NPA looking at apartheid-era killings
The National Prosecuting Authority is to prioritise the prosecution of people linked to the murders of anti-apartheid activists.
National Director of Public Prosecutions Shaun Abrahams revealed in parliament yesterday that there were about 15 cases the state was considering for possible prosecution, including the murders of Victoria Mxenge, the Cradock Four and trade union leader Neil Aggett, among others.
"We are absolutely committed to delivering justice to the victims of crime, especially the victims of past atrocities," Abrahams told journalists at a press conference held before the presentation - by Minister Michael Masutha - of the budget policy statement of the justice department.
Abrahams said it was regrettable that matters arising from the Truth and Reconciliation Commission (TRC) had not been given "the preference they should have been given in years gone by" but that significant progress has been made in the past three years in addressing them.
"I personally made a decision that the perpetrators in respect to the disappearance of [Umkhonto weSizwe combatant] Nokuthula Simelane must be prosecuted.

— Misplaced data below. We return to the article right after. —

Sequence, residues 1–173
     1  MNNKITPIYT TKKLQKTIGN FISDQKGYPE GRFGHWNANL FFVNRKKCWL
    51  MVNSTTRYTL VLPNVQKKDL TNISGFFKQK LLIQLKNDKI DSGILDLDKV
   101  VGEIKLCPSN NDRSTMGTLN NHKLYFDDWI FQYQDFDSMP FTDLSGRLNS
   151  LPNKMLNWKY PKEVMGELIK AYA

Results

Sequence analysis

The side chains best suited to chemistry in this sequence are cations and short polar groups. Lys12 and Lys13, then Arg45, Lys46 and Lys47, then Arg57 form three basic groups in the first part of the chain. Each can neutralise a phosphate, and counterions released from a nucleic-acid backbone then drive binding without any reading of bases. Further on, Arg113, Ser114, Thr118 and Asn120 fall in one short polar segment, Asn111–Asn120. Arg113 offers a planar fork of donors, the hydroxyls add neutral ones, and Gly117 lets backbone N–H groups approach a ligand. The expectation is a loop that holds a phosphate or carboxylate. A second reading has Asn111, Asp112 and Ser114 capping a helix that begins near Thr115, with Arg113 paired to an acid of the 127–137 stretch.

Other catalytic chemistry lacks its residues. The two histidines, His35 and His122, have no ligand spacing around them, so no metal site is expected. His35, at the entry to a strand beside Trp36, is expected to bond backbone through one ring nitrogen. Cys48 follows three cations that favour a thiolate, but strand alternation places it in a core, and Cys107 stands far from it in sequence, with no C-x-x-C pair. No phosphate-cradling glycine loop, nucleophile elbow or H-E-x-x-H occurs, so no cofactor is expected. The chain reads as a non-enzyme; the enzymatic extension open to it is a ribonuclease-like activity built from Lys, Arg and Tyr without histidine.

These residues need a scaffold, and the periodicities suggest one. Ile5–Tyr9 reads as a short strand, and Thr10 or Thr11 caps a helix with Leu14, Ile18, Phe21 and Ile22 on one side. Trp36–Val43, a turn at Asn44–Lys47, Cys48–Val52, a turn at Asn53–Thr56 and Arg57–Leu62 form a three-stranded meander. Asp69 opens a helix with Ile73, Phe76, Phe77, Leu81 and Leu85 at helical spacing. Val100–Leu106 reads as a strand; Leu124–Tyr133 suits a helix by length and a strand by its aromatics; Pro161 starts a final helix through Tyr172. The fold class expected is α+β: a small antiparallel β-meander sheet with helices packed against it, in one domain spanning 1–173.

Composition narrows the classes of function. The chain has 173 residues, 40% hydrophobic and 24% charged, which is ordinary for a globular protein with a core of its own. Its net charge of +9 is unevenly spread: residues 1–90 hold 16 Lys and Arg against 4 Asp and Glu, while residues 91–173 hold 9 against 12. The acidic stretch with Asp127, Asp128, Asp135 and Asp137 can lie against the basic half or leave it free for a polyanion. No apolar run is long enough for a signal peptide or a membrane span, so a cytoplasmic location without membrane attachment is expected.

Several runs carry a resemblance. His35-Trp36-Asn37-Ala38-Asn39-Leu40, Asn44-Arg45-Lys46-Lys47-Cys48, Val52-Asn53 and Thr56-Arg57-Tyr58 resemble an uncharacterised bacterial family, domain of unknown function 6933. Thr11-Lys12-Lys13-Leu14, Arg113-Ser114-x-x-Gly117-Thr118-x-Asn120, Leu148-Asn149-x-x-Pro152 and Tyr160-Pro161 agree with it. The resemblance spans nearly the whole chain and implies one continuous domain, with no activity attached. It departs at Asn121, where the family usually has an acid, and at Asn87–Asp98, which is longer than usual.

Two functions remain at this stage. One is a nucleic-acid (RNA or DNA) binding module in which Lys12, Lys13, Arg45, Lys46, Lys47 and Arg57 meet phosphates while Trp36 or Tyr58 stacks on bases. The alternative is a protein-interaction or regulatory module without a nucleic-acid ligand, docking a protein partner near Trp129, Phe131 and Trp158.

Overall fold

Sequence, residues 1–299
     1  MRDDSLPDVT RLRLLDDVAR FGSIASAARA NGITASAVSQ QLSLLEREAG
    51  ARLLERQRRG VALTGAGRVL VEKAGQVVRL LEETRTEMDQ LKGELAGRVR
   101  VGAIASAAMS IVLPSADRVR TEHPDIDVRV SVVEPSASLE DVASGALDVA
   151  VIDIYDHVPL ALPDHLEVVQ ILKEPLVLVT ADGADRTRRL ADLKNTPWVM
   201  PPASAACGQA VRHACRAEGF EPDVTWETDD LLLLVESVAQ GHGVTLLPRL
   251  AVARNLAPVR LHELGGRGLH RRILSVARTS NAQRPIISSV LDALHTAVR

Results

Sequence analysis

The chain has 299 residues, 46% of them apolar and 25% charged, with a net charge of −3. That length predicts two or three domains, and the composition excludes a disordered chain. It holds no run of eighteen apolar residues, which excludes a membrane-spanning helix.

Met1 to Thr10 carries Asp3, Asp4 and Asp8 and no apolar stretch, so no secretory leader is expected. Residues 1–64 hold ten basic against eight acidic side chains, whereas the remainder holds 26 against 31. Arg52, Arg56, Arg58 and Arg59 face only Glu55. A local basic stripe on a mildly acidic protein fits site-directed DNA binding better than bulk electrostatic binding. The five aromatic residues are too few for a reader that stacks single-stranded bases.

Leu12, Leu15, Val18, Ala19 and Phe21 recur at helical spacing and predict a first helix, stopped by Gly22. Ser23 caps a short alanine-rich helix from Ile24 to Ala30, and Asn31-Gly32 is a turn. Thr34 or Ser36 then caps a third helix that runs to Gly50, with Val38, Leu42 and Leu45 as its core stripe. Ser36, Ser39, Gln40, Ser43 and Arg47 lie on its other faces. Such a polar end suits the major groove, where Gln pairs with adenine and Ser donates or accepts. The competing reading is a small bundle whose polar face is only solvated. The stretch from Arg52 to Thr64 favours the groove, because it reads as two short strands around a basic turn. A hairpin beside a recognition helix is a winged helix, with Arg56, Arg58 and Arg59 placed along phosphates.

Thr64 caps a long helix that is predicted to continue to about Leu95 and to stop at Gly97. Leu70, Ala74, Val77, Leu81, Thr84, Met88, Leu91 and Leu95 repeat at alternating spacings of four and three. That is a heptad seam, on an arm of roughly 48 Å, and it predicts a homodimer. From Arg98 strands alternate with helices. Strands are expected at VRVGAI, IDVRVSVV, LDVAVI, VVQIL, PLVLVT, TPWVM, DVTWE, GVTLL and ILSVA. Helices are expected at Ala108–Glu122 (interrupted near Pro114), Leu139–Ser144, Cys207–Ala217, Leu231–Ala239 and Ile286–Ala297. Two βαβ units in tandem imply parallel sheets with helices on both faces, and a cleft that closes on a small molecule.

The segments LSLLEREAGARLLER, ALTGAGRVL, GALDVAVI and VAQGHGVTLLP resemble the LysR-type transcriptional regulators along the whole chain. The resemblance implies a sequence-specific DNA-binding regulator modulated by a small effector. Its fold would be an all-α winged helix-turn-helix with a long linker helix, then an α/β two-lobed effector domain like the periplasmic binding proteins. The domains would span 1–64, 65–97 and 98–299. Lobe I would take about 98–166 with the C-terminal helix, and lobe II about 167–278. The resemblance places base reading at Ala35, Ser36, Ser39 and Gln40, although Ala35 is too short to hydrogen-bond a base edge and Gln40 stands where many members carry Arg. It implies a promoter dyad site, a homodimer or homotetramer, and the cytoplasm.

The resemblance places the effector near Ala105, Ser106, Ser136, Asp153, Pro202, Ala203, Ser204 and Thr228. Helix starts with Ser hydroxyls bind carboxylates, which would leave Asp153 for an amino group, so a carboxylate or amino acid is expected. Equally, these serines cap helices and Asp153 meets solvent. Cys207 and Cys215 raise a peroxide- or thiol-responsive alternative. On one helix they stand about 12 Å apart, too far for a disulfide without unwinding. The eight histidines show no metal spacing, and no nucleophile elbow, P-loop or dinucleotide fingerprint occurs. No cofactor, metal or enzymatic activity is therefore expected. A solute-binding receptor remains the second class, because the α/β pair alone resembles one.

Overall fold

"I personally made the decision and recommendation to the minister of justice in relation to the reopening of the inquest into [anti-apartheid activist] Ahmed Timol's matter," he added.
The inquest into Timol's murder was reopened last year and it found that he was murdered and did not commit suicide.
It also recommended that three individuals be investigated for possible prosecution.
Deputy Minister of Justice John Jeffery said he has been raising regular concern with Abrahams as there were recommendations for three people to be charged.
"The Nokuthula Simelane matter is in court, those people have been charged but there are delays as there is dispute around legal representation," said Jeffery.
Abrahams said recommendations have been made to him in respect of the Aggett murder and he has referred the matter back to the prosecutors and directed that further investigation be conducted.
He also sought to assure SABC journalist Lukhanyo Calata that "TRC matters" were high on the NPA's priority list.
Lukhanyo, the son of Fort Calata - a UDF activist who is one of the Cradock Four murdered by the South African police in 1985 - had asked Masutha about the government's commitment to ensure justice for victims' families.
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